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I would suggest a letter as well because if you were to call or go to their house she could report to the police that you were stalking or harassing them. Her over reaction to the horses is her lack of knowledge etc. but understand today there are many people out there that will use whatever means they have to lure children. It does not make it right for her to accuse you of kidnapping and yes she should be keeping a closer eye on her 5 yr old, it's a sticky situation I hope you can get things worked out.

Courage is being scared to death but saddling up anyway~~John Wayne
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post #7 of 10 Old 06-12-2009, 08:03 PM
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Perhaps slightly off topic, but given reality and the circumstances, you'll want to make sure you have a liability release from the parent(s) before this little girl has any more contact with your horses.

On the sixth day, God created the Quarter Horse.
On the seventh day, he Painted the good ones.
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post #8 of 10 Old 06-13-2009, 11:40 AM
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my only suggestion would be to tell her both of them (mother & daughter) are welcome. She may be a little easier to warm up to if she can see for herself how her daughter lights up around the horses. Who knows, maybe she was injured when she was young, or is from a family that is not animal friendly. At any rate, as a mother myself, no matter how gross something is, if I can see for myself what it means to one of my kids, my outlook on things seems to slip away, and I will do everything I can for one of them to be happy. Just an old lady point of view.

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post #9 of 10 Old 06-14-2009, 03:07 AM
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Let's get real here......a 5 year old child wandering on your property, without adult supervision and without your knowledge is a huge liability to you and the child. Children do not have the reasoning capabilities to determine dangerous situations and let's face it, we all know what can happen. Even under the most controlled situations accidents can happen.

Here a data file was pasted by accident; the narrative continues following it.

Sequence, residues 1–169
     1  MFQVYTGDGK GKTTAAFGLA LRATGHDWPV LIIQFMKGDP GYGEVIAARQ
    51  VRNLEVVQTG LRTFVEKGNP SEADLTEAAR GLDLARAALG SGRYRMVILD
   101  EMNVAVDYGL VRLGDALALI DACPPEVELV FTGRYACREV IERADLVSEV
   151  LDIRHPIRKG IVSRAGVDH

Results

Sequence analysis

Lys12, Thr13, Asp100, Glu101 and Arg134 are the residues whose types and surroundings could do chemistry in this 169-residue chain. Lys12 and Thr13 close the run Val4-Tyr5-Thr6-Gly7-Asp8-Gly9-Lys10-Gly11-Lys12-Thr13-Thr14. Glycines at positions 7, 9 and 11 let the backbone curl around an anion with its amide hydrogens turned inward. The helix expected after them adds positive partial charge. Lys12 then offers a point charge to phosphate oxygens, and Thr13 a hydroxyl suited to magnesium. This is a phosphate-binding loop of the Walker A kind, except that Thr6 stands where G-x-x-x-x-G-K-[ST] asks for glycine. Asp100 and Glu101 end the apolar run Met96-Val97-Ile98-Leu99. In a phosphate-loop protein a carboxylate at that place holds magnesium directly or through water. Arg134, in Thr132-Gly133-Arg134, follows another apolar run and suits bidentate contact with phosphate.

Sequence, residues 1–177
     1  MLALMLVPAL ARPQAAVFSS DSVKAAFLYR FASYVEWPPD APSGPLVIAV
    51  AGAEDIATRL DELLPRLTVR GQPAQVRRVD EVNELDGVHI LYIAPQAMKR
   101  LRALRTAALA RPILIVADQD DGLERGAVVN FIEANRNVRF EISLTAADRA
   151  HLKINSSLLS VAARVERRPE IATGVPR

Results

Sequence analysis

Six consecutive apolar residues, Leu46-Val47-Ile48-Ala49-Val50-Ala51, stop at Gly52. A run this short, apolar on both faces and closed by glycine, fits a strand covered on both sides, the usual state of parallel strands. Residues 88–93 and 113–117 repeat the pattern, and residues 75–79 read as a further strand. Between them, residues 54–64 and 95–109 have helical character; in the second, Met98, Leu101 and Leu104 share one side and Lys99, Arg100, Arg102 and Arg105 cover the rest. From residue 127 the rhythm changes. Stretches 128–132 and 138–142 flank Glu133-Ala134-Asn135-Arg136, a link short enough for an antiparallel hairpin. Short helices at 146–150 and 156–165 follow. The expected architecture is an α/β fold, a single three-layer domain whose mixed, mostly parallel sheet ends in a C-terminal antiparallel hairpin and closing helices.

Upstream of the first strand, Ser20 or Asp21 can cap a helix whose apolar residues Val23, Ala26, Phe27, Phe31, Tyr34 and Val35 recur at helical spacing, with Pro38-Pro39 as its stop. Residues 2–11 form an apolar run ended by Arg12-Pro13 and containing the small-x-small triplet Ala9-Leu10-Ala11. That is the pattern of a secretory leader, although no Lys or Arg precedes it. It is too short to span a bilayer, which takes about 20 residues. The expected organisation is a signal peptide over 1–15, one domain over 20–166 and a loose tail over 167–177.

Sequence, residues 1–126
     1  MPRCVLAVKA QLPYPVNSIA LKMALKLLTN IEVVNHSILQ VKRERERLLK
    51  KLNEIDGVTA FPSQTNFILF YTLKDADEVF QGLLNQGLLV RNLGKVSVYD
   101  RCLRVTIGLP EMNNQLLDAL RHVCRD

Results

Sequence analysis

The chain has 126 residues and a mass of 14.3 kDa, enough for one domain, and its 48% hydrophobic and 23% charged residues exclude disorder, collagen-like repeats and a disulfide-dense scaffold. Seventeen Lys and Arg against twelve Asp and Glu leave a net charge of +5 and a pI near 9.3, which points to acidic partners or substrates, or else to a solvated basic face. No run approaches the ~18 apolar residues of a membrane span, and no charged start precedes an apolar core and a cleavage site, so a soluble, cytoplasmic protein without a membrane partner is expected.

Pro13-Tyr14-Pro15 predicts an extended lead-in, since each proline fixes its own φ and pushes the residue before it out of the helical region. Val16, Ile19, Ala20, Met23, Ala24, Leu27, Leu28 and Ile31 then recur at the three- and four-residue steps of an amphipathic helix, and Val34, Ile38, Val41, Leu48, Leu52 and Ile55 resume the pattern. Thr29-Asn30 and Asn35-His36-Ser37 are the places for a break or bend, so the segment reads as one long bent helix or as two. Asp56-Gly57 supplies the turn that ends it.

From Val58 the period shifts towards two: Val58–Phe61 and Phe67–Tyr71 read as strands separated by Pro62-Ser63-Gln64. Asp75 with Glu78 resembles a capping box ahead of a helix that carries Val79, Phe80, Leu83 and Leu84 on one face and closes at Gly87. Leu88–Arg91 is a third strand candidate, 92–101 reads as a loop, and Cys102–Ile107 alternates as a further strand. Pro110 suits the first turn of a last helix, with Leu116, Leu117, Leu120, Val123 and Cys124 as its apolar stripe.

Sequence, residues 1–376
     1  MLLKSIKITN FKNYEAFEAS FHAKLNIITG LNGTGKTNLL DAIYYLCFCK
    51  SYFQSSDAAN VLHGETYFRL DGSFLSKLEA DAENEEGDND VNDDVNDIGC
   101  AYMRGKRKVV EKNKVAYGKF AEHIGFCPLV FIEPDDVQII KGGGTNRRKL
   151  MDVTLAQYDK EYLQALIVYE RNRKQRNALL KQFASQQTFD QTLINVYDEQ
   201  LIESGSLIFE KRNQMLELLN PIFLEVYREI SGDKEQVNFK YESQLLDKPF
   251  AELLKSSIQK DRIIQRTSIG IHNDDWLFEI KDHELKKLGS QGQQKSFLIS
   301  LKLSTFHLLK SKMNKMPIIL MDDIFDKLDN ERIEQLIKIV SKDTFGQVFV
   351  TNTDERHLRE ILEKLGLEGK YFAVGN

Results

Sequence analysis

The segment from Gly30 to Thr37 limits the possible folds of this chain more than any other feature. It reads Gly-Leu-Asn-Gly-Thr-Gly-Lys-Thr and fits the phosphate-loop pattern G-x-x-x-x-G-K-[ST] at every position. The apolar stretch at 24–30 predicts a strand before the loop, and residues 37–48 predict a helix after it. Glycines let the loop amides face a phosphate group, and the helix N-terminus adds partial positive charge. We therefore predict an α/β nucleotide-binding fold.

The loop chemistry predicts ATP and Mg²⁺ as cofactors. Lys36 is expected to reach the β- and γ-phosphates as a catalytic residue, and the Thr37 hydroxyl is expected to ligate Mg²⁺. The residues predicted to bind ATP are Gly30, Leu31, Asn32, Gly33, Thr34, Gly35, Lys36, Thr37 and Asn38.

Face it, this lady sees you and the horse environment as a threat to her daughter, whether it be percieved or real makes not one bit of difference. She must have been quite distraught to have accused you of "kidnapping" and threatening to call the police! It was obviously a misunderstanding and a verbal apology was given. Drop it, don't put anything in writing and keep that unsupervised kid off your property. Check with your attorney, the law may consider your situation an "attractive nuisance", similar to a unfenced, accessible swimming pool. You may find yourself exposed to legal liability if this continues. Make sure your insurance covers these types of situations.
As much as you would like to encourage this child to enjoy horses....forget it. I would be respectful and nice as a neighbor. She needs to keep her kid under wraps.
Only my strong little point of view as a mother, BO, horsewoman, and legal eagle.
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post #10 of 10 Old 06-14-2009, 10:00 PM
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I will have to agree with QrtHorse on this one.

If the girl gets hurt on your property, you are completely liable. I would suggest putting out signs in your barn, maybe along your fences.
We have them all over at my place, since our barn does public trail rides. I am not sure how one would go about getting them, but I would google it to find out.

http://activerain.com/image_store/up...7865133233.gif

Lets face it. A kid can be all smiles and happy one moment, and in the hospital the next. A judge can look at this either way, and legally, it isn't going to be in your favor. I would leave it alone. If the kid wants to ride, she can either come to your facility and sign a release, or go to a riding school and do the same.

People will sue for just about anything now a days. To me, allowing one little kid to pet the horses is not worth my horse's funds or my horses.

I don't want to sound like a jerk, but its the truth. People are crazy, and this mother can even keep an eye on her kid long enough for it to wander into your barn, she needs to keep better track of her.

Just my 2 cents.